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The Tamir Rice Rule

Cleveland’s prosecutor made a mockery of the process for adjudicating police-involved killings. Here's how to fix it.

Associated Press

Monday’s revelation that no one will go to trial for the killing of 12-year-old Tamir Rice probably surprised no one. Surely, we all knew how this would end. Just one week earlier, yet another black family—Sandra Bland’s—did not get the legal closure they sought after their loved one died in the hands of police. A grand jury could “indict a ham sandwich,” but police officers who kill citizens tend to escape that outcome with alarming regularity. Per the Washington Post’s count, 18 officers have been charged with crimes related to “officer-involved” shootings in 2015—and that’s worthy of note because only 54 were indicted in the prior 10 years. The Post’s reporters attribute the rise, in part, to the fact we’ve been able to see those shootings. “In 10 of the 2015 cases,” the Post wrote, “prosecutors had a video record of the shooting.” Then they quote a Chicago pastor who thanked God for technology and expressed a hope that “maybe it’s finally helping us crack the blue code of silence.”

If only it were that easy. Police officers don’t steer clear of these kinds of consequences merely because they stay quiet about the misdeeds of other cops. They have help. Not only are there structural standards for legal killings that favor an officer’s “objectively reasonable” survival instincts over the life of an unarmed citizen, but also the very lawyers charged with seeking punishment for the officers can enforce those standards. The Tamir Rice investigation is the clearest example yet of why independent investigators and prosecutors must be assigned by state authorities to every case of police violence.

That was made clear at Monday’s press conference, where Cuyahoga County Prosecutor Timothy McGinty announced that a grand jury had determined that no criminal charges would be filed against Timothy Loehmann and Frank Garmback, the two Cleveland police officers involved in Rice’s death. Given the lack of success lately in that arena, the Rice family had been girding themselves for this outcome. But the grand jury got a big push from McGinty himself, who revealed that he’d recommended that no charges be filed, in direct contradiction to the mandate of his elected office: to faithfully seek indictments and prosecute cases so as to make his jurisdiction a safer place to live. “That was also my recommendation and that of our office after reviewing the investigation and the law,” he said on Monday.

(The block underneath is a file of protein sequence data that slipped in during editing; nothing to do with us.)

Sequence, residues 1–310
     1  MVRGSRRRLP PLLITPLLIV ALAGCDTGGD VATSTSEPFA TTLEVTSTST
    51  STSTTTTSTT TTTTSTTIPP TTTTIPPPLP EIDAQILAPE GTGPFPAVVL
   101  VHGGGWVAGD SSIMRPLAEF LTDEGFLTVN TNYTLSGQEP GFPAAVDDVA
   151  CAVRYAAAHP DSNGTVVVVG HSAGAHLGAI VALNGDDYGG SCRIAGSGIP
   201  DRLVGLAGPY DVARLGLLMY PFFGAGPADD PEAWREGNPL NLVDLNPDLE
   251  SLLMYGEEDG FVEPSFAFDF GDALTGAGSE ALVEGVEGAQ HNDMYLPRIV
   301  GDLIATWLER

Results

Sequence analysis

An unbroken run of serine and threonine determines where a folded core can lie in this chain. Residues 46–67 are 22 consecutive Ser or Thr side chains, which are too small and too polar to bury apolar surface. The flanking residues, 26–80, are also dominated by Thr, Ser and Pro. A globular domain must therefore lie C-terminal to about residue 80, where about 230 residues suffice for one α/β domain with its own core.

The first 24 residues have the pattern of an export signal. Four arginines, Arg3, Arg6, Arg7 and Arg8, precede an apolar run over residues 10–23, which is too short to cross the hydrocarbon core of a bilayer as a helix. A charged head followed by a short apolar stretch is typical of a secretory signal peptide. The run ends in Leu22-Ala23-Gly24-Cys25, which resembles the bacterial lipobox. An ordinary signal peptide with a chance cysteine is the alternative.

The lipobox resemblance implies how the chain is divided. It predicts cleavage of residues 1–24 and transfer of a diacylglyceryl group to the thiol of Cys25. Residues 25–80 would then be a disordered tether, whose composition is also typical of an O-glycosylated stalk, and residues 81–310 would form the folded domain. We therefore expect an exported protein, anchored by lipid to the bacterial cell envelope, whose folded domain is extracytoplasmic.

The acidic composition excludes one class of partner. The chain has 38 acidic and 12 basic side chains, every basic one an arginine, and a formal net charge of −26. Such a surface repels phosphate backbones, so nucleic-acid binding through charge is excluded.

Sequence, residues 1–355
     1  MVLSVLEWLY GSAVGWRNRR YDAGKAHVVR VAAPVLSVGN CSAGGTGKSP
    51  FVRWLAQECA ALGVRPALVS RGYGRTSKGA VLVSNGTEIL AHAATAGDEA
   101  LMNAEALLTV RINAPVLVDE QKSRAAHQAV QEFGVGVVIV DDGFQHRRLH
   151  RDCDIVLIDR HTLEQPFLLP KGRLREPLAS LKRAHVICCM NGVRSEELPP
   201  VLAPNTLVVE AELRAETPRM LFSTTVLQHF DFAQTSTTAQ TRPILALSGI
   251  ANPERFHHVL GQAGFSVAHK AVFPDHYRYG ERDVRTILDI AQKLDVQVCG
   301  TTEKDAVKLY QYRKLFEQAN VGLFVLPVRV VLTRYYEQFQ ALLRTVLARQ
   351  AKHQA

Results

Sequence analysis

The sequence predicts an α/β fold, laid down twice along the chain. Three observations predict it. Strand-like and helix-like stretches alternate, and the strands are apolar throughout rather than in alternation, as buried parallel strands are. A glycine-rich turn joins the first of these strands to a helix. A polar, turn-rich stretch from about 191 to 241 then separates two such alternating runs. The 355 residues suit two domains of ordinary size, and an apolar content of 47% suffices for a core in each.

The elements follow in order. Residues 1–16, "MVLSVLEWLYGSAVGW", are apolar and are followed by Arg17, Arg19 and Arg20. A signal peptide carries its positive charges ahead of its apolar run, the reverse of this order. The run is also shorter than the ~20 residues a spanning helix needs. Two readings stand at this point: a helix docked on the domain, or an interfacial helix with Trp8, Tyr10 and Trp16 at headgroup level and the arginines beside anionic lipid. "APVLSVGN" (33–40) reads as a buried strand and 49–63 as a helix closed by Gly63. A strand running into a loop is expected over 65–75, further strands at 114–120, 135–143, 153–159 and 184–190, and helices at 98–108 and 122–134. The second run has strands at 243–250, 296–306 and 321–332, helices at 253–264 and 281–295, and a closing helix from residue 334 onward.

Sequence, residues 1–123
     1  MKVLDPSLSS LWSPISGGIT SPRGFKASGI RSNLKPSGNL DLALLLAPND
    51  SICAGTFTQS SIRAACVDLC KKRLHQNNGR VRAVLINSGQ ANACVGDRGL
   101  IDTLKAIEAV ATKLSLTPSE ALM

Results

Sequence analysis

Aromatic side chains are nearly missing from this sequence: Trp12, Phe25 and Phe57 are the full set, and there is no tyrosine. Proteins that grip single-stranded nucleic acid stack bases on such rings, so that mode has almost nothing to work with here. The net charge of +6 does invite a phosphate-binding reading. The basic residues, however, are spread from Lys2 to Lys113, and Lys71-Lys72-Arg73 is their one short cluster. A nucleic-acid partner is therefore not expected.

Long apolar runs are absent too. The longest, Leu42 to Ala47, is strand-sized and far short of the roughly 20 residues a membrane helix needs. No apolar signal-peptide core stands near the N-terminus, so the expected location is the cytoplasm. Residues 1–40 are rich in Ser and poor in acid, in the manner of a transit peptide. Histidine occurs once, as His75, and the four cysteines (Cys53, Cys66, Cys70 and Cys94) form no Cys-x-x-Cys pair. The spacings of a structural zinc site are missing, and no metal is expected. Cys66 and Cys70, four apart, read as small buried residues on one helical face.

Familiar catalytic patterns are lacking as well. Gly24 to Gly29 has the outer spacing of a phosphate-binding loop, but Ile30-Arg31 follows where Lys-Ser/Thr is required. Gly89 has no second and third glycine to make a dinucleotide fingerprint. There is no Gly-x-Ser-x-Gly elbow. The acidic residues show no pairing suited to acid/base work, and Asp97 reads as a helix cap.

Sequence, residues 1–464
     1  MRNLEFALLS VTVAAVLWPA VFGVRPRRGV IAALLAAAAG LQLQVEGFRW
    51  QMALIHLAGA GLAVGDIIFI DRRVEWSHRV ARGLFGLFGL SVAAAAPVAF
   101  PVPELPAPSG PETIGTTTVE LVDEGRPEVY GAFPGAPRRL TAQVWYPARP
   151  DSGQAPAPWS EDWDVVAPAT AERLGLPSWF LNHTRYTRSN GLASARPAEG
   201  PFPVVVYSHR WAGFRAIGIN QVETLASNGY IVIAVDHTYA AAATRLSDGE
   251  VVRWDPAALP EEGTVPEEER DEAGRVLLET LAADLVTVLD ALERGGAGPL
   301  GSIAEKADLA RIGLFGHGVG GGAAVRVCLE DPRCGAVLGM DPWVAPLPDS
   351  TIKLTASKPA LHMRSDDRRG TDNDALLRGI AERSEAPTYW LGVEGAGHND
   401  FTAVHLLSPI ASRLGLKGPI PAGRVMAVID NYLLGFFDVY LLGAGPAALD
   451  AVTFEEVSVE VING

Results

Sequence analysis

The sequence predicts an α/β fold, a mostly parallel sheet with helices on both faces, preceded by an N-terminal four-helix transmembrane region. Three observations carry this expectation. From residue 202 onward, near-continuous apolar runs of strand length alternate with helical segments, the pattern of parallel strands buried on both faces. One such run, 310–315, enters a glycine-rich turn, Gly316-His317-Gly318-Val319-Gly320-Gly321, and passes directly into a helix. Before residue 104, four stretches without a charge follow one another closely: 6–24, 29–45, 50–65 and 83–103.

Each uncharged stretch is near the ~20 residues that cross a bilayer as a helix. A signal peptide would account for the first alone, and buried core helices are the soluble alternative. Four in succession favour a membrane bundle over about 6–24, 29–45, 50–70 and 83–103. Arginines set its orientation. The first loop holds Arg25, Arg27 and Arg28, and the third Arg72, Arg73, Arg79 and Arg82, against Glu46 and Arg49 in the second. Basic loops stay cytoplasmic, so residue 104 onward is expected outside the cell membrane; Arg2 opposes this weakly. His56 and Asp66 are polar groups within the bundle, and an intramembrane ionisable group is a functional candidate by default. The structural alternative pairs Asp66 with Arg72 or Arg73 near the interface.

McGinty had long been under fire from Rice family attorneys and his fellow Democrats for his perceived slow-footing of the investigation into Rice’s death. He responded by accusing the family of being “economically motivated,” and made clear on Monday that he doesn’t care about appearances. Rather than offering regret about the grand jury’s decision and arguing that they made the wrong call, McGinty and his lieutenants chose to do the exact opposite.

I’m not an attorney, but everything about McGinty’s Monday presser seemed off from the start. Calling the shooting “a perfect storm of human error,” he erroneously laid the blame at the feet of a dead 12-year-old along with the two officers and the dispatcher who neglected to inform them that the 911 caller said repeatedly that the Airsoft pellet gun Tamir had on him was “probably fake.” In accordance with the three reports their office had solicited, each of which declared the shooting reasonable and legally appropriate, McGinty and Assistant Prosecuting Attorney Matt Meyer launched into a detailed explanation of why the officers weren’t criminally liable. 

Tamir’s above-average height and weight also kept coming up; MSNBC chief legal correspondent Ari Melber rightfully noted that neither of those statistics substantiated the officers’ decision to use deadly force. McGinty qualified the officers’ actions as “mistakes,” and said, “There are in fact memorials to two slain Cleveland Police officers in that very park. And both had been shot to death nearby in the line of duty.” That’s a fact that might be interesting if McGinty were a tour guide showing us around the Cudell Recreation Center grounds, and not a prosecutor discussing the shooting death of a young boy. Meyer blamed the lack of medical attention Rice was given at the scene on Loehmann’s ankle injury and on Tamir’s sister, who panicked at the scene and was restrained by Garmback. Telling the assembled press that “we don’t second-guess police officers” was a doozy, given that the entire job of the prosecutor’s office in this case was to second-guess two police officers.